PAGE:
And when I call you to talk about how exhausted I am because we haven’t slept in three days or because we’ve discovered some new issue to add to the list of all the other things, I just want you to listen. You don’t have to solve all of my son’s problems. Actually- you can’t solve his problems- nobody can. I want you to keep inviting him places and understanding when I tell you it’s beyond his capacity. And I want you to be okay with saying that you aren’t sure what to say or that you aren’t sure what it must feel like to walk in our shoes.

I guess what I’m trying to say is that I want you and your kids to stay in our lives. I value you, I value your experiences, and I want you to do your version of motherhood as freely as I do mine. We’re all in it together, and I want to walk in your journey with you as you walk my journey with me.

To doing motherhood together-


Mandy was born and raised in Shreveport and married her best friend, Dustin, in 2008. When they moved to Baton Rouge in 2010 for graduate school, they had no idea how much this city would change their lives. After meeting some incredibly inspiring people, they decided to become foster parents in 2011 and adopted their bundle of energy, Joseph, in 2014. Mandy works part time as the Safe Families for Children Coordinator, a program that aims to support and stabilize families who are experiencing a crisis. She spends the rest of her time managing Joseph's therapies for autism and living out the gift and honor of being a mom. When she has a few minutes of spare time, Mandy loves to bake, draw, hit the pavement for a run, or even better- NAP!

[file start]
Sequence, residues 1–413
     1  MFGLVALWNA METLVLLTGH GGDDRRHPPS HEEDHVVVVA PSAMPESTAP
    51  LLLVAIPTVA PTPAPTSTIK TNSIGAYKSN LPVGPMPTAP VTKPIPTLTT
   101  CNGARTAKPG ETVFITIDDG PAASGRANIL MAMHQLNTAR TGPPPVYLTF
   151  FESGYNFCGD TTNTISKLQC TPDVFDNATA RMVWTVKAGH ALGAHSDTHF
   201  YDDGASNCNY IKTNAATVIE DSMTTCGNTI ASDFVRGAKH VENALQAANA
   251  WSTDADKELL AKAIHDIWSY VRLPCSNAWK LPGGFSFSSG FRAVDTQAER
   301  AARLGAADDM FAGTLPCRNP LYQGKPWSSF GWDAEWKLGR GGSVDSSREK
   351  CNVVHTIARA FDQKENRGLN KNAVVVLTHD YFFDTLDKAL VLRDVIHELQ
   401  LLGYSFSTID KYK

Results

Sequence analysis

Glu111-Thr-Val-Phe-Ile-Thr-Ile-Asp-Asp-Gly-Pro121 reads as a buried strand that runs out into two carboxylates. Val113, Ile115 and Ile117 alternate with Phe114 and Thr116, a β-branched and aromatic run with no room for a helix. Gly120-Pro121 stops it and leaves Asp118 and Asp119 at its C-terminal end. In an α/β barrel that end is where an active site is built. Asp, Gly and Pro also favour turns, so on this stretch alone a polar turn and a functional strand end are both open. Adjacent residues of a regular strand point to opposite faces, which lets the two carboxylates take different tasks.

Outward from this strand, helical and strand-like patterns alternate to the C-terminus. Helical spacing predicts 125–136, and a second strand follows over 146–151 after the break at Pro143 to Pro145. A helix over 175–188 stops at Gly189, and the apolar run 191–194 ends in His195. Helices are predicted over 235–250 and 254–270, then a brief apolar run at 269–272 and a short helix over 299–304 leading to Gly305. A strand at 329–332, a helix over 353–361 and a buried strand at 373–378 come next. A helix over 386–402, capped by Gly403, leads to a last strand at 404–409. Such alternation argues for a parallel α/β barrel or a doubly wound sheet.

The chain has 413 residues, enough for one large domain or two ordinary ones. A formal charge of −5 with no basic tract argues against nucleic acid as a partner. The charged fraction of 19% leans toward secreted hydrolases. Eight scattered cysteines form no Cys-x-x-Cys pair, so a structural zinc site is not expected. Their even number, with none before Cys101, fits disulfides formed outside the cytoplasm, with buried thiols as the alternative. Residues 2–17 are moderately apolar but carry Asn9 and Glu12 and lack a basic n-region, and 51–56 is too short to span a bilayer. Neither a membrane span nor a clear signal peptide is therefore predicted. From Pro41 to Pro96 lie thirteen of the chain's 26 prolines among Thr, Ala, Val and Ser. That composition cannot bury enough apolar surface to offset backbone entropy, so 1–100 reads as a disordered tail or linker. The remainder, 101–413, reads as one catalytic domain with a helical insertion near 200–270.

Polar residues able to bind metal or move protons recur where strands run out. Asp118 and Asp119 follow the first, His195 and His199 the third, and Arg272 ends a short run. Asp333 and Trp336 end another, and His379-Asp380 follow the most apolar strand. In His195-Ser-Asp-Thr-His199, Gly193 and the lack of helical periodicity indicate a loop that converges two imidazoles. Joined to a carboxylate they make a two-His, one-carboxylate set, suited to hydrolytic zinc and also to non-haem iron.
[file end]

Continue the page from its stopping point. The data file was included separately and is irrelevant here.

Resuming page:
1. Yes!! As a mom of an ASD/SPD kiddo I know exactly what you mean. I want other moms to know that I don’t think my struggles are any more important/harder than theirs; they are just different. We all are just trying our best and it’s important for us support each other because let’s face it being a mom is a pretty tough gig.

    • Exactly! We are all in it together! Motherhood is hard enough without drawing lines based on our children’s abilities. 🙂 Glad you enjoyed it!

  2. Thank you for your comments and insight. I’m glad there are moms out there who want to be supportive no matter what and want others to do the same, seems many moms lose track of what is important. Just moved back to BR and can’t wait to find a way to meet other moms.

    • Welcome back to Baton Rouge! I think it’s easy to get caught up in our own little situations and forget that we all face challenges!

  3. Such a beautiful post! It brought tears to my eyes because of the sincere expression of inclusiveness. I just wish we lived closer so that I could share in your journey. I guess that’s the beauty of these interwebs 😉

  4. Beautifully written, Mandy – too many autism mom articles are written from the “Woe is Me” perspective, but in the end our kids are all beautifully different – and we all struggle as moms to be the best parent to them that we can be. I’m raising one neurotypical child and one with autism, and they each challenge me in their own way. Thanks for giving voice to this!

    PS – I, too, have countless photos of lined up cars littering my cell phone. 😉

    • Thanks for your encouragement Cyd- I agree, it’s easy to hop on the “woe is me” train! Hopefully we can all have a little more grace for each other! And oh the cars….so many cars!